Introduction to Microservices
Now that we have made it through our whirlwind introduction to microservices, it is time to begin implementing what we have learned so far. To do this, we will begin by building a reference implementation for a simple microservice application. The goal of this reference implementation is to create the skeleton of a fully functional microservice application using a particular implementation technology.

Rather than building a toy application, the reference implementation will provide an open-source implementation of the essential components common to many microservice applications, including both infrastructure and application elements. The reader is free to use these components as they are or customize them to suit their needs. Since we are using a microservice approach, the reader can supplement the reference architecture with any application-specific service they may require. The reference architecture will both demonstrate a working microservice architecture and provide a bootstrap application on which to build.

Infrastructure Components

The infrastructure components we will be building will provide common services that assist the application components. These include:

  • Unified Logging

    In a microservice architecture, each service generates an individual log, which complicates troubleshooting when a request spans multiple services. To address this, we will employ a unified logging model. This approach employs a data collector and transport mechanism (Fluentd), a centralized log indexer and persistent store (Elasticsearch), and a User-interface for querying the log data (Kibana). This stack allows aggregation, indexing, and query capabilities across all of the application's services log data.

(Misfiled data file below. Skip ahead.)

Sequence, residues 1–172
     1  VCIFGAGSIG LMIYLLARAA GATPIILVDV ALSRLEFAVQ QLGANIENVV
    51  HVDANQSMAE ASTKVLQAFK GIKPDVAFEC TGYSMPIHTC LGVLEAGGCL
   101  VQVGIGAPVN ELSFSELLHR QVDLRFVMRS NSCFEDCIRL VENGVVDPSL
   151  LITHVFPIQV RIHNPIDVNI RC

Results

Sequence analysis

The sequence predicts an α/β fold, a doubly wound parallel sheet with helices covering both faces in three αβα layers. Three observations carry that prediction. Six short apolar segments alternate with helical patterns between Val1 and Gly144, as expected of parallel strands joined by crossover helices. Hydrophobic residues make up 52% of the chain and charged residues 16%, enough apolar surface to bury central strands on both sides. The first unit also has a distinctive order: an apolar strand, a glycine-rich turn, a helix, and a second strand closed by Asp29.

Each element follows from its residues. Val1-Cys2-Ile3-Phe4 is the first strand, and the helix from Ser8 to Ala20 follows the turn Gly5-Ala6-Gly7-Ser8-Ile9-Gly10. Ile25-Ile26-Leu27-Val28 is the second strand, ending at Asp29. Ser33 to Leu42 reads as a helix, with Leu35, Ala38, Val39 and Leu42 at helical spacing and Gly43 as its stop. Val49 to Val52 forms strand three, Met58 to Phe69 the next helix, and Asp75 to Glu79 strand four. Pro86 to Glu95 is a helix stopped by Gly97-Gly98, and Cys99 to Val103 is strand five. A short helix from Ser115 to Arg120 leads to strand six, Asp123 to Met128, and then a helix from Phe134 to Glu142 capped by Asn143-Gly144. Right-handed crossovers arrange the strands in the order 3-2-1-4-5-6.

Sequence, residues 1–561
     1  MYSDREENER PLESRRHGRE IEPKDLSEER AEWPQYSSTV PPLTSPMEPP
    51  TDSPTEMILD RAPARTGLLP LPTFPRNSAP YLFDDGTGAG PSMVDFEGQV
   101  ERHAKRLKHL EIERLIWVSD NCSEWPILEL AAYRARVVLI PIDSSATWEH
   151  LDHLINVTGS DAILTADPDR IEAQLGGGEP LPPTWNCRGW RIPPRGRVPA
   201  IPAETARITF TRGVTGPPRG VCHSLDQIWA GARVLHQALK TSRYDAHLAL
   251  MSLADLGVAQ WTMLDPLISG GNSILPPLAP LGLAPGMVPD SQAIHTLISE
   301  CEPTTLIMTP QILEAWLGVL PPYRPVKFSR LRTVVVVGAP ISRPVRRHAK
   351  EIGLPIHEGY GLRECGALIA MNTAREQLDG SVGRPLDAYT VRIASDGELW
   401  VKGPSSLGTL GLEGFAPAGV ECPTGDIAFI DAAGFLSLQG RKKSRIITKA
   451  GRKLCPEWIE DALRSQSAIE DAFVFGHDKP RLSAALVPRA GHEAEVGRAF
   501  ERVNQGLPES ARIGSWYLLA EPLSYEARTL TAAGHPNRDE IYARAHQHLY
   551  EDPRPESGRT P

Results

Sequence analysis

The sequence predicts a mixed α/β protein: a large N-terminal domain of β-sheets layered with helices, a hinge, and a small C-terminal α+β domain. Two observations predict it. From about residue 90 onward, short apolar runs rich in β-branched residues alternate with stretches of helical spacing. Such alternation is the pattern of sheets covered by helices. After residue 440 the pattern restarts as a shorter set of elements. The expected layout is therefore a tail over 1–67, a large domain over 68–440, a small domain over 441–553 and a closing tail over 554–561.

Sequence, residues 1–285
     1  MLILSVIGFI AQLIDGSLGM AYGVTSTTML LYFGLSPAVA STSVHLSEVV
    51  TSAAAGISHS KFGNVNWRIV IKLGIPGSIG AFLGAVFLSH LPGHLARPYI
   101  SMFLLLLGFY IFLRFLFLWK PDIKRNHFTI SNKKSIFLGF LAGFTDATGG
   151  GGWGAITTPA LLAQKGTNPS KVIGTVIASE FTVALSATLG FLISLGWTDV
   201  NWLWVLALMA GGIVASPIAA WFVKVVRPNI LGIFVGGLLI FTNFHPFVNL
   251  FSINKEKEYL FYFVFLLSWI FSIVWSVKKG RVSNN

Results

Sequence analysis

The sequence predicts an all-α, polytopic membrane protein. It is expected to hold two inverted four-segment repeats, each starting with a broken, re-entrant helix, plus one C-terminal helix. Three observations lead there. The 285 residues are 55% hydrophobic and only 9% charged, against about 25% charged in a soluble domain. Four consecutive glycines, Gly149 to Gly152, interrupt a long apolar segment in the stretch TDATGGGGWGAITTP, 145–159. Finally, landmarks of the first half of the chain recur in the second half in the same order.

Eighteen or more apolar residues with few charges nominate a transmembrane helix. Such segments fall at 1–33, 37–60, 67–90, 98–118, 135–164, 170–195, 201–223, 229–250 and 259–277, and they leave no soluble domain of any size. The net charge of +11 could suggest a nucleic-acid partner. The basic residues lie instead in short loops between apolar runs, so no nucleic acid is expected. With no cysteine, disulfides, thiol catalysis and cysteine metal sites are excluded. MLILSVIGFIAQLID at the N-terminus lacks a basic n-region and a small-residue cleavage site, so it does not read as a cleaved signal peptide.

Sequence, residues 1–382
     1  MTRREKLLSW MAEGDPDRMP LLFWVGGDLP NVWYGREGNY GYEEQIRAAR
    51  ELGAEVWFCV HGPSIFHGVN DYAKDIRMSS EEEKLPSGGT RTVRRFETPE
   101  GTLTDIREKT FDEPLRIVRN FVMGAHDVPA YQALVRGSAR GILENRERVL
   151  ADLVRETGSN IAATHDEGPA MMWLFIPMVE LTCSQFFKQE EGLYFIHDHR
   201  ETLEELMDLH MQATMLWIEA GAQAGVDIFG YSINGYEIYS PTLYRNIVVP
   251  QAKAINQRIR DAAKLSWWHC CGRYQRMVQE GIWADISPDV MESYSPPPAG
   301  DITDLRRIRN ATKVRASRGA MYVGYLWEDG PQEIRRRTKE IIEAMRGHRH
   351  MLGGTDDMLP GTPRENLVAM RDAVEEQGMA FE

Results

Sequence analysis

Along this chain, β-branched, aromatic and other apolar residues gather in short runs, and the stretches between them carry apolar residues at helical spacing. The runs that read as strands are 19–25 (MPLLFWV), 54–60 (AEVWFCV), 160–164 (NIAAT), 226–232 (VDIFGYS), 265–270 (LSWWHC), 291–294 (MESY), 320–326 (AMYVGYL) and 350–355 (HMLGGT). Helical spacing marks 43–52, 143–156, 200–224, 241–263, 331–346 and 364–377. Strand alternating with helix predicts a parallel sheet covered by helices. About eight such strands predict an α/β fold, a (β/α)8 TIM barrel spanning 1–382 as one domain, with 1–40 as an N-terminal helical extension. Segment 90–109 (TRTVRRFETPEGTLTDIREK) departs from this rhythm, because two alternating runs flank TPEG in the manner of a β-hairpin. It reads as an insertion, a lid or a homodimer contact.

Fluentd is the open-source data collector we will use in conjunction with each of our services to collect service log output and transport it to the unified data store.

    Elasticsearch provides a persistent, indexed data store for each of the reference implementation's service logs. Elasticsearch unifies the disparate service logs into a single searchable location.

    Kibana provides a comprehensive user interface to the Elasticsearch store. It provides log query capabilities and can be configured to provide a graphical application dashboard.

  • Message/Event Bus

    - The Message/Event Bus provides a shared message bus that can be used to communicate state changes and messages between services.

    In our reference implementation, we will be using the open-source RabbitMQ message broker. Spring Integration has comprehensive support for most Enterprise Integration Patterns when using RabbitMQ.

  • Application Data Persistence

    The reference implementation employs both Relational and Document-oriented persistence models.

    Relational persistence

    The reference implementation will use the PostgreSQL open-source database for relational persistence. The PostgreSQL instance will be administered with an instance of pgAmin4, which provides a full-featured, web-based administration client.

    Document-oriented persistence

    The reference implementation uses the MongoDB open-source database for its document-oriented persistence. The MongoDB instance will be administered by an instance of MongoExpress, which provides a web-based administration client.

  • Service Metrics Monitoring

    Each service in the reference implementation generates a set of metrics that we will use to monitor its health and activity. To accomplish this we will deploy two supporting services: Prometheus and Grafana.


    Prometheus provides an open-source time-series database to capture real-time metrics. Prometheus that performs an interval poll of each service's actuator endpoint to collect both service-specific metrics as well as a comprehensive complement JVM metrics.